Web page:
An artist’s conception of Edmonton’s proposed downtown arena.
EDMONTON - A frustrated Mayor Stephen Mandel says the Oilers owner now has no choice but to come before council and publicly state exactly what he wants from the city and taxpayers to move ahead on a downtown arena deal that seems to be falling apart.
Council members looked grim at City Hall on Tuesday, clearly pessimistic on the current state of arena negotiations with Daryl Katz over a proposed new home for his NHL team.
“I think that Mr. Katz’s memory of the history is different than mine,” Mandel said.
“I think council has been incredibly responsive, but I no longer can define what Mr. Katz is asking for or what he’s not asking for.”
Mandel released a statement Tuesday expanding on those comments.
“I would openly ask the Katz Group to release their full position to the public – based on the itemized list which was prepared with both the negotiating teams, so that all items and their economic rationale can be fully understood by the people of Edmonton,” the statement said.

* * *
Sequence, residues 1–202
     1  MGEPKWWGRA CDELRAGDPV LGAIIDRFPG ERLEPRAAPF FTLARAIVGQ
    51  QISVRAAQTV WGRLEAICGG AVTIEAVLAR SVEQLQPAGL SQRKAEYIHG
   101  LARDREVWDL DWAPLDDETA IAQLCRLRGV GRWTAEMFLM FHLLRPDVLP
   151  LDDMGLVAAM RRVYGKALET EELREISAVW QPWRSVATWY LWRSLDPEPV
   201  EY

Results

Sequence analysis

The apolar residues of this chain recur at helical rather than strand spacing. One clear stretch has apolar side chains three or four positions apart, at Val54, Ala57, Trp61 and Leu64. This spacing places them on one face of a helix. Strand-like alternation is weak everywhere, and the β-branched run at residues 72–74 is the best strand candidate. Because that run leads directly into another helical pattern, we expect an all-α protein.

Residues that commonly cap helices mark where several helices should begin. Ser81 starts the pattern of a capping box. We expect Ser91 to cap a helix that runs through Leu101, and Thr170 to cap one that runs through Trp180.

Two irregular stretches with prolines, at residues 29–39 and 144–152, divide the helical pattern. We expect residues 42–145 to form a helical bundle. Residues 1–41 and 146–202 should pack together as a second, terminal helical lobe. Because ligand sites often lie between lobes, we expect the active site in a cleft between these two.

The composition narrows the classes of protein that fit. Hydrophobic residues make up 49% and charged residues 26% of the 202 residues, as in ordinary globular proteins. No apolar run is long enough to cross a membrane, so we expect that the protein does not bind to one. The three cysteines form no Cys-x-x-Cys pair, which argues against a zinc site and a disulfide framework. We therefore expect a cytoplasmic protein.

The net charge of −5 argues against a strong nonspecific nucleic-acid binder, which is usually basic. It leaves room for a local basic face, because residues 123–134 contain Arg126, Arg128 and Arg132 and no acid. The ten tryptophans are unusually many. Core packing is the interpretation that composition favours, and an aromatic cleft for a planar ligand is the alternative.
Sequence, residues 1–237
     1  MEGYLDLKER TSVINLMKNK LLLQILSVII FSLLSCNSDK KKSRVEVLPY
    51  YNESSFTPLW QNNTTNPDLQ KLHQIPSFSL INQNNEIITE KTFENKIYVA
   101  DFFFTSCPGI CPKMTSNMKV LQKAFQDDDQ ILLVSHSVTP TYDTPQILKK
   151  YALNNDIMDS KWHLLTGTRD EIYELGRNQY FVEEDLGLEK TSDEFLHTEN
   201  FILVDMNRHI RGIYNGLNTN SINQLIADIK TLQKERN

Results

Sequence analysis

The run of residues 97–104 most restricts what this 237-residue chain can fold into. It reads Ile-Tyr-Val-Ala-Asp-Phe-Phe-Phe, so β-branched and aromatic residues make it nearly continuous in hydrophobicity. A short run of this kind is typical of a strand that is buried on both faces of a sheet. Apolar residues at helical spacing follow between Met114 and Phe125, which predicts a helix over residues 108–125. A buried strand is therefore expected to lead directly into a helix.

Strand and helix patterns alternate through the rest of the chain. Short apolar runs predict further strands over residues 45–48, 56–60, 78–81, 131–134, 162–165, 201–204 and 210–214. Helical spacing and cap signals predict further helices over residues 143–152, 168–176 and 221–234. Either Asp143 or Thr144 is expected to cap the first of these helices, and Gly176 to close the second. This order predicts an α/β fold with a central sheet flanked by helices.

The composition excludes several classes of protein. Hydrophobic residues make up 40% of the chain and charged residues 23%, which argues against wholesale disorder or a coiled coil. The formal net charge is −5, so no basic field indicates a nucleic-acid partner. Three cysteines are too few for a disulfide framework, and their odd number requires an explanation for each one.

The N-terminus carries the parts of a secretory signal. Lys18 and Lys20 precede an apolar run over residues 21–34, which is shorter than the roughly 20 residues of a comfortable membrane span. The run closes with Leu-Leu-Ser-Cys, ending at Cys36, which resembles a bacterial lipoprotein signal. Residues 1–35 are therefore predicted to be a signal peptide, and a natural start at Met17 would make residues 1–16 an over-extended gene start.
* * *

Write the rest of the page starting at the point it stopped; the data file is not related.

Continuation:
“The only way forward is for the Katz Group to clarify its full position, with associated rationale, so city council and the people of Edmonton can understand the full picture.
“I would therefore invite the Katz Group to attend to city council at the earliest possible opportunity.”
The company’s new demands aren’t just for more capital dollars and an ongoing $6-million subsidy for the proposed arena, Coun. Tony Caterina said.
“They don’t want to pay taxes,” he said. “They want help now in operating the arena. They want a guaranteed subsidy. They want the city to be their tenant in a major office building. They want the casino licence.”